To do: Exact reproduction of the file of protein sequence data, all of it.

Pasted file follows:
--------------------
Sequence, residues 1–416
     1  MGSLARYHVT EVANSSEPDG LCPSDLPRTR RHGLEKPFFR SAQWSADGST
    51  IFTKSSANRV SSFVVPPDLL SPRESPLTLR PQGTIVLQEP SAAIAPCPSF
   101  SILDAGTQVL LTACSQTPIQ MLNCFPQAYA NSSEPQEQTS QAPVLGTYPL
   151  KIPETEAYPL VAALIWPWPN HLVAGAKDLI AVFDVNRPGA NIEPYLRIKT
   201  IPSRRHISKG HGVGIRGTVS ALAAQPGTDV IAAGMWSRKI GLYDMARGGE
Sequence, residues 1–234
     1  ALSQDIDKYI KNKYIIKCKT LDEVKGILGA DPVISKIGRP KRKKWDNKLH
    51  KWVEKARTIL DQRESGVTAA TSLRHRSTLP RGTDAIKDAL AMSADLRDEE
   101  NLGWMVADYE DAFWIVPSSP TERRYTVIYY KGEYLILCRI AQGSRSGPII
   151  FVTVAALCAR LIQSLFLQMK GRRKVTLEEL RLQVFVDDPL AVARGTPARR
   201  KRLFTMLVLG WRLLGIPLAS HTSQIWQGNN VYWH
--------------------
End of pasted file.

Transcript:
Sequence, residues 1–416
     1  MGSLARYHVT EVANSSEPDG LCPSDLPRTR RHGLEKPFFR SAQWSADGST
    51  IFTKSSANRV SSFVVPPDLL SPRESPLTLR PQGTIVLQEP SAAIAPCPSF
   101  SILDAGTQVL LTACSQTPIQ MLNCFPQAYA NSSEPQEQTS QAPVLGTYPL
   151  KIPETEAYPL VAALIWPWPN HLVAGAKDLI AVFDVNRPGA NIEPYLRIKT
   201  IPSRRHISKG HGVGIRGTVS ALAAQPGTDV IAAGMWSRKI GLYDMARGGE
Sequence, residues 1–234
     1  ALSQDIDKYI KNKYIIKCKT LDEVKGILGA DPVISKIGRP KRKKWDNKLH
    51  KWVEKARTIL DQRESGVTAA TSLRHRSTLP RGTDAIKDAL AMSADLRDEE
   101  NLGWMVADYE DAFWIVPSSP TERRYTVIYY KGEYLILCRI AQGSRSGPII
   151  FVTVAALCAR LIQSLFLQMK GRRKVTLEEL RLQVFVDDPL AVARGTPARR
   201  KRLFTMLVLG WRLLGIPLAS HTSQIWQGNN VYWH